## Results

Our tracking dataset included ca. 7580 GPS fixes, after filtering out all non-flight sections. The resolution of the GPS data allowed for a clear identification of the soaring modes of birds (Fig. 1). Birds took anywhere from tens of seconds to minutes to complete ascending circles during circular soaring, with each circle being clearly discriminated in the resolution of our dataset (Fig. 1a). Also flight sections where birds exhibited slope soaring were documented by tens of fixes, reflecting an overall linear trajectory (Fig. 1b).

Gap analysis showed that our track segments were optimally divided into three clusters, when characterized from their elevation change and directional variance (Fig. 2a). A first cluster was characterized by negative elevation change and low directional variance (circles in Fig. 2b), as expected in gliding behaviour. Both the other two clusters showed positive elevation change and either high directional variance (triangles in Fig. 2b) or low directional variance (squares in Fig. 2b), reflecting circular and linear ascending flight behaviours respectively. Observations placed at the boundaries of clusters (grey points in Fig. 2b) were excluded from further analysis in order to define the flight behaviours more distinctively.

Orographic uplift velocity had a significant positive effect on the probability of birds to display linear soaring, and thermal uplift had a similar effect on circular soaring (Table 1 and Fig. 3). Linear soaring occurred more often on the windward side of mountain slopes, where orographic uplift was estimated higher, while circular soaring was more frequent on valleys and visually matched with areas of higher estimated thermal uplift (Fig. 4). It should be noted that the contribution of thermal uplift for linear soaring probability was near statistical significance (Table 1).

Climbing speed was not statistically different between soaring modes (Table 2). Ground speed was significantly higher in linear soaring, and birds flew at higher altitudes above the ground level when performing circular soaring (Table 2). The tailwind component (velocity vector component in the direction of the wind) was high during linear soaring indicating that the birds moved, at least partially, in the direction of the wind (Table 2). During glides, the low tailwind component and high horizontal displacement showed that birds moved in straight trajectories regardless of the wind direction (Table 2). No differences were found between soaring modes on the dorso-ventral acceleration amplitude (proxy of flapping, Table 2), with average values comparable to that of glides and about a half of that expected for flapping flights (see methods).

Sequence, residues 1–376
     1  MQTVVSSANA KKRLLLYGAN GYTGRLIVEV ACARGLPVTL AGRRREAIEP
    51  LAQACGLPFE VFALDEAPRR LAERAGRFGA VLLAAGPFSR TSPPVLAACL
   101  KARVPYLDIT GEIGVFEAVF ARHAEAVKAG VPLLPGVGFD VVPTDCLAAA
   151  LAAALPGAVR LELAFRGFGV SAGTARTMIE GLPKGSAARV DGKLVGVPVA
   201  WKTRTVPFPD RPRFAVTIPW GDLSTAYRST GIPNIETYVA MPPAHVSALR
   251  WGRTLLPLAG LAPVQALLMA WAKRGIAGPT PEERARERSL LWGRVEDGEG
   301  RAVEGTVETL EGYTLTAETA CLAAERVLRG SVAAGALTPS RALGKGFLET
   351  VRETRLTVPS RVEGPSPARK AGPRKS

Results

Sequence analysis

## Discussion

We showed that soaring modes of black kites are well explained by the fine-scale updraft distribution. Birds showed higher probability of performing circular climbing in areas of higher predicted thermal uplift, while linear climbing was more likely to happen in areas of higher predicted orographic uplift velocity. These results confirm our predictions and are in accordance with the literature on this topic (e.g. refs 9, 10 and 17). Importantly, our models show that fine-resolution uplift maps produced from publically available remote-sensing and meteorological data can be used to map the flight behaviour of soaring birds. Similar approaches were used in earlier studies to infer flight behaviour12, 25, 34 and space use31, 33 of different soaring bird species. It should be noted that our models include a large amount of unexplained variance, although this is also reflected in previous studies linking soaring bird flight behaviour to uplift proxies12, 16, 27, 29. Part of this variability should be natural, but we must emphasize that all uplift estimators used in the literature are reasonably imprecise16. However, this does not decrease the value of our models to predict general space use and flight behaviour of soaring birds, particularly for wildlife management purposes. In our study, uplift maps were temporally generic, which could explain some of the model variance. For orographic uplift we modelled two generic wind conditions occurring during the tracking data collection (strong levanter and light western breeze), but did not account for small temporal scale variations within those conditions. In the thermal uplift modelling, we derived land surface temperature from a LANDSAT image acquired approximately one year before the tracking data collection began, for the reasons explained in the methods. Although we showed a high stability of between-year thermal uplift (Supplementary Table S1), some variation in thermal intensity is expected between days, due to weather variability, and within a day, due to solar radiation variability39. Altogether, these aspects may have promoted some degree of mismatch between the uplift models and the bird behaviour.